NYT Bret Stephens expected to survive in wake of Bari Weiss departure

Weiss resigned after three years over what she said was “constant bullying.”

A view of the New York Times building in Manhattan, NY. (Stephan Valentin/Unsplash)

Bari Weiss and Bret Stephens left the Wall Street Journal editorial page together in 2017. The longtime friends joined the New York Times opinion section together shortly thereafter. Now, Weiss has sent a dramatic public resignation letter to the New York Times’ publisher that touched off headlines across the country —  thus prompting the question: Will Stephens be next?

Several other friends of Stephens expect him to survive as a columnist for the New York Times, at least for now. Weiss, contacted by email and Twitter, was unavailable for comment.

“I assume he’ll stay at the paper. I assume if he was thinking of leaving then he would have spoken his mind about Bari Weiss,” said Morton Klein, president of the Zionist Organization of America.

“I was disappointed to see him refuse to comment. He should have commented and expressed concern, but he didn’t,” said Klein, who described Stephens as a “good friend.”

Thane Rosenbaum, a close friend of Stephens, said he didn’t want to speculate about the columnist’s future at the newspaper, but said he has “no doubt Bret would like to see it work at the New York Times.”

“It’s still the best perch for a columnist to have,” Rosenbaum said, arguing that the New York Times has more to lose if Stephens walks because he is a Pulitzer Prize winner.

“[Weiss] is not a Pulitzer Prize winner and she’s not a regular columnist. She would have been in need of a protector more so than Bret,” he said. “They had a protector in James Bennet, the person who recruited them.”

Bennet resigned as editorial page editor in June after the newspaper published a controversial piece from Republican Sen. Tom Cotton of Arkansas.

Weiss and Stephens left the Wall Street Journal in mid-2017 to join the New York Times opinion section in what then-editor Bennet described as a way to showcase the “many shades of conservatism and many shades of liberalism.”

“Given the heat that the Times is taking right now, I assume they would be pretty unhappy if he left,” media critic Dan Kennedy said in an email.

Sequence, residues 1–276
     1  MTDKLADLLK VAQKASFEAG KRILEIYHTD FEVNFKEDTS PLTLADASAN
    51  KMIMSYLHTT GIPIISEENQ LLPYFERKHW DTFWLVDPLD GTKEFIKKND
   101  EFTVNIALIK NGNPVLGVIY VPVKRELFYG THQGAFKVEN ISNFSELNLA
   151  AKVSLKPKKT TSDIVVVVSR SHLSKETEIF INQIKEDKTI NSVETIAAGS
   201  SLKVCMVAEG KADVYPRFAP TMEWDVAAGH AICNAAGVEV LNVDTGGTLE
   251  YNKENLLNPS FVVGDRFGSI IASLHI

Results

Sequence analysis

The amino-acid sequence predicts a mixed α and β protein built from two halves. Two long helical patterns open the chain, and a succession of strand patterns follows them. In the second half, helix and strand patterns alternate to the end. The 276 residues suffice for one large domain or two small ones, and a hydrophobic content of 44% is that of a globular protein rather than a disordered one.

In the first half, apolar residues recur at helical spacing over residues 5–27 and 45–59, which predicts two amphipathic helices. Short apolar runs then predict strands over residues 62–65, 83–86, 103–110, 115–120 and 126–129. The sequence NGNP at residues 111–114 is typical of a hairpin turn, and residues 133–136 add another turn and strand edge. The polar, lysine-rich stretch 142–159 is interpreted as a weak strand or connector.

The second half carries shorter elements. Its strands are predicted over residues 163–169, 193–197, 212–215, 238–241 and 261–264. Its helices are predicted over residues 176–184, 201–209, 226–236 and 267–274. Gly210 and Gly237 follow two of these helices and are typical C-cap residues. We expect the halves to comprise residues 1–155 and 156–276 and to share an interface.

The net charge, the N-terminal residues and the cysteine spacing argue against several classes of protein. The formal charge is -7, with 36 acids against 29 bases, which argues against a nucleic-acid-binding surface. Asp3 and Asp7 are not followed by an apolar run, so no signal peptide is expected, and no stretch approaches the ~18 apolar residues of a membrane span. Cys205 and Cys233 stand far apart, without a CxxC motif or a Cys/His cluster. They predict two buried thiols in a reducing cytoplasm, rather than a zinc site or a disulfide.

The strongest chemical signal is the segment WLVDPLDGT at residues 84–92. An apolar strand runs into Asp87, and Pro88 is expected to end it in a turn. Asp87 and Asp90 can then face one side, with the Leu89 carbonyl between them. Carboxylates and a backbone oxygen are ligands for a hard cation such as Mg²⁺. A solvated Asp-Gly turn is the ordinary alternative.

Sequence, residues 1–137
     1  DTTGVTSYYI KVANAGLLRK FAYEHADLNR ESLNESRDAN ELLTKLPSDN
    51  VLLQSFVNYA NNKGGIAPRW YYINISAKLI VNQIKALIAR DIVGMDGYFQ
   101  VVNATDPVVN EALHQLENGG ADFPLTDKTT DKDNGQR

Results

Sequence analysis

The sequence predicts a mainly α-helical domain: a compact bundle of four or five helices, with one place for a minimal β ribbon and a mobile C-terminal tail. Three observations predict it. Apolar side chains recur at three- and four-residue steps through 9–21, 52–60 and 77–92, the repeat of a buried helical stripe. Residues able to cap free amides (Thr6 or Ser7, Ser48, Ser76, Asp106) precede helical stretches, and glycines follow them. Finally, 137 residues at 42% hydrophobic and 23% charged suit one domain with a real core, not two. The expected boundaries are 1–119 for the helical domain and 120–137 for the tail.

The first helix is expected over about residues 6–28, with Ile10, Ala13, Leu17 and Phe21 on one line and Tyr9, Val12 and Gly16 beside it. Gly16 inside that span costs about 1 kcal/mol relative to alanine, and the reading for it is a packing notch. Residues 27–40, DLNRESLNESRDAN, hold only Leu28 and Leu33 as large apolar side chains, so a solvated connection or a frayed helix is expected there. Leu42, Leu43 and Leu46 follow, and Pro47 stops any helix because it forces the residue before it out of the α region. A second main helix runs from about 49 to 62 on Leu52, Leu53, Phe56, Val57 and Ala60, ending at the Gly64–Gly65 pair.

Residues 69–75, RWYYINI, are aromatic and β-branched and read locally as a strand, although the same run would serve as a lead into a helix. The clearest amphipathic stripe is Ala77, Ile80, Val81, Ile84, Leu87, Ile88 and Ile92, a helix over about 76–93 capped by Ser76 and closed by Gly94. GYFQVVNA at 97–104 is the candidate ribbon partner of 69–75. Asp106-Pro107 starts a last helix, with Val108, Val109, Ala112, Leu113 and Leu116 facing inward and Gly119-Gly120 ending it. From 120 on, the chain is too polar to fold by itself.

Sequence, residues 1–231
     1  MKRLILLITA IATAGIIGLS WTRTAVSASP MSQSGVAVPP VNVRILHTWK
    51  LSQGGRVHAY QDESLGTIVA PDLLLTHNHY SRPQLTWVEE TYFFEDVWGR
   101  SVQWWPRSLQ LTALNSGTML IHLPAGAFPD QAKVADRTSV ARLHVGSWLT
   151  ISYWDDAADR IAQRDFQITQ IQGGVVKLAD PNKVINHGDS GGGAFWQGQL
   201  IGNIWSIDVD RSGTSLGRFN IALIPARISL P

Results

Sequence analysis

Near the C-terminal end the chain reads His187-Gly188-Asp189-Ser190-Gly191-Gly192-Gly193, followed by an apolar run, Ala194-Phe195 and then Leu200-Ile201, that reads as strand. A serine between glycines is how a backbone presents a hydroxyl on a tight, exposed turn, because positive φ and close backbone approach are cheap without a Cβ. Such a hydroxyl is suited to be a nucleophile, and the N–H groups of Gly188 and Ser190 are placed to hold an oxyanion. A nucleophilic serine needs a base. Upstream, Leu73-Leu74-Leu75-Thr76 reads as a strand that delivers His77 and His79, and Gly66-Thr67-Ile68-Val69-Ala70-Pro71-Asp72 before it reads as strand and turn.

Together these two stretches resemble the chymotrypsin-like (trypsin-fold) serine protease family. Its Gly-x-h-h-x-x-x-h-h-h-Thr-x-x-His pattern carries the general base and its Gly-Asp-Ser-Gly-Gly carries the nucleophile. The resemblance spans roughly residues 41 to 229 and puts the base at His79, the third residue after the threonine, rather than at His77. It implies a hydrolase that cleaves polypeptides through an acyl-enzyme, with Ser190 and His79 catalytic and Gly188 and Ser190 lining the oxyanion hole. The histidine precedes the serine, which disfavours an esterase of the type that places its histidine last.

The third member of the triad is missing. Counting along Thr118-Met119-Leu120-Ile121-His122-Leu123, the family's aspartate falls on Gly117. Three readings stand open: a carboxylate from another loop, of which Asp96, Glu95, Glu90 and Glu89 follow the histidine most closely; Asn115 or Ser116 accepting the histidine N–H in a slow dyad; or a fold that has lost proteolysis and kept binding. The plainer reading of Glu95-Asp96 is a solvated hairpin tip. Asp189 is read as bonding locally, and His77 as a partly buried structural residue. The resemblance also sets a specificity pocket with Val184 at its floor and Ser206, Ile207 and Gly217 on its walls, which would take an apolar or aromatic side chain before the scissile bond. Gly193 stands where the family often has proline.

New York Times Executive Editor Dean Baquet defended their hirings after Stephens quickly sparked controversy with his views on climate change.

“Didn’t we learn from this past election that our goal should be to understand different views?” Baquet told CNN in April 2017, months after President Trump was inaugurated.

Weiss, an opinion writer and editor at the newspaper, announced her departure in a scathing resignation letter she shared on her personal website Tuesday. Weiss criticized the newspaper for bowing to the demands of critics on Twitter and for not defending her when she said she was “bullied” by colleagues.

“My own forays into Wrongthink have made me the subject of constant bullying by colleagues who disagree with my views,” she wrote to New York Times publisher A.G. Sulzberger.

“They have called me a Nazi and a racist; I have learned to brush off comments about how I’m ‘writing about the Jews again.’ Several colleagues perceived to be friendly with me were badgered by coworkers. My work and my character are openly demeaned on company-wide Slack channels where masthead editors regularly weigh in. There, some coworkers insist I need to be rooted out if this company is to be a truly ‘inclusive’ one, while others post ax emojis next to my name. Still other New York Times employees publicly smear me as a liar and a bigot on Twitter with no fear that harassing me will be met with appropriate action. They never are.

“There are terms for all of this: unlawful discrimination, hostile work environment, and constructive discharge. I’m no legal expert. But I know that this is wrong,” she wrote.

Weiss claimed editors and writers shy away from pitching and publishing controversial opinion pieces if it does “not explicitly promote progressive causes.”

In wake of her resignation, the Zionist Organization of America said Wednesday it was creating a hotline for journalists at the New York Times or other news outlets who experience “antisemitism, anti-Israel bigotry, bullying, or harassment.”

New York Times spokeswoman Eileen Murphy said in a statement that the publication is “committed to fostering an environment of honest, searching and empathetic dialogue between colleagues, one where mutual respect is required of all.”

Murphy did not respond to an inquiry about Stephens’ future at the newspaper. Stephens also did not respond to multiple requests for comment.

Acting editorial page editor Kathleen Kingsbury said in a separate statement that she was “personally committed to ensuring” the newspaper publishes viewpoints from across the political spectrum.

In her three years at the paper, Weiss, who describes herself as a centrist, criticized “cancel culture,” praised “cultural appropriation” and questioned social justice movements.

“Nowadays, standing up for principle at the paper does not win plaudits. It puts a target on your back,” Weiss wrote in her resignation letter. “Too wise to post on Slack, they write to me privately about the ‘new McCarthyism’ that has taken root at the paper of record.”